I admit it: I own quite a lot of camera gear. Currently four camera bodies, well over a dozen lenses, a whole selection of tripods and heads, and camera bags filling an entire closet just by themselves. It’s not that I’ve got Gear Acquisition Syndrome…I certainly don’t purchase lenses and cameras just because new lenses and cameras become available. I would rather put the money into travel and time in the field.
I don’t haul around all my gear, which is a problem I’ve seen with some photographers attending workshops and tours. They have so much stuff with them that they spend more time deciding what to use than time actually spent taking photos.
Even though I like camera gear I’m not emotionally attached to it. I don’t keep stuff I don’t use. And I don’t believe the rational that “well, I might use this sometime so I had better keep it.” If I can’t rationally justify actual usage of the equipment, then it’s gone.
So why do I have so much stuff? (Off topic comment: anyone else remember the George Carlin “Stuff” routine?) As a professional photographer I shoot all sorts of nature subjects, from mountains to mosquitoes. Subject matter dictates camera and lens choices. A few months ago I was is southern California for the “superbloom.” As I write this I have about a week before I leave for the Pantanal in Brazil, which will be basically a long lens critter session. I drove to California, so I could load my truck with whatever gear I though I might need. Getting to the Pantanal entails three long flights and two all-too-lengthy airport layovers for a total of 30 hours nonstop travel time from my house. I had five lenses with me in California, and will be hauling four lenses to Brazil. But the only significant bit of equipment common to both shoots: a D850 body. I will add the battery pack — not needed for California flowers — in order to increase the frame rate for bird and mammal action in the Pantanal. I’ll even have a different tripod and head, and a different camera pack, rather than what I used in California. Horses for courses, as the saying goes.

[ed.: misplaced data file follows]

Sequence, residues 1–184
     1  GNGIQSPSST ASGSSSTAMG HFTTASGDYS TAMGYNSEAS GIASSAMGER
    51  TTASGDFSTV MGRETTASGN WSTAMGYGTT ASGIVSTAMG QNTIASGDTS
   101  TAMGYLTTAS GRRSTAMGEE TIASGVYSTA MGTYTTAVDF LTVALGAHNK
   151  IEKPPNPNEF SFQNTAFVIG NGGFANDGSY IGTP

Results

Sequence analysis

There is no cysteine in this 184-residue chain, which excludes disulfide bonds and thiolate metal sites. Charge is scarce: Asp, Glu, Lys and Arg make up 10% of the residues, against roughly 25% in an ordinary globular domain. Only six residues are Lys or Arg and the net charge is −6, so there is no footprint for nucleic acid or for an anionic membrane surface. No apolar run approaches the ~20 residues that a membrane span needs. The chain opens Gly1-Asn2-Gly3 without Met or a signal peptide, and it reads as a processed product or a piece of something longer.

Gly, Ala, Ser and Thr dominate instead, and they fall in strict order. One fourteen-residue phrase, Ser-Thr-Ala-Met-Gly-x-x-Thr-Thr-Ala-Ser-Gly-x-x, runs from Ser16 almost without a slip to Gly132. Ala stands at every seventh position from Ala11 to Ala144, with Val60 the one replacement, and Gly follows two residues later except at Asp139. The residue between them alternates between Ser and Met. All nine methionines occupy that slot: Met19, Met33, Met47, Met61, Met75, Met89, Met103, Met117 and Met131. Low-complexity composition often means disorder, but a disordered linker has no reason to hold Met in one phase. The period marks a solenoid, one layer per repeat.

I wouldn’t expect an auto mechanic to have only one wrench, or a surgeon to have only one scalpel. Cameras and lenses (and tripods and tripod heads and filters and all the other things) are just tools. You pick the right tool for the right job and for the right results.
Notice the last three words as they are the important ones: the right results. If you are satisfied with what you get from your cell phone camera, then by all means use your cell phone. If you’re pleased with images from your 28-400mm lens, then go right ahead. If you like what you get from your M4/3 or other format, great.
While I want to remain competitive in the professional market, most of all I want to please myself. I’m happy with my gear, and happy with the results.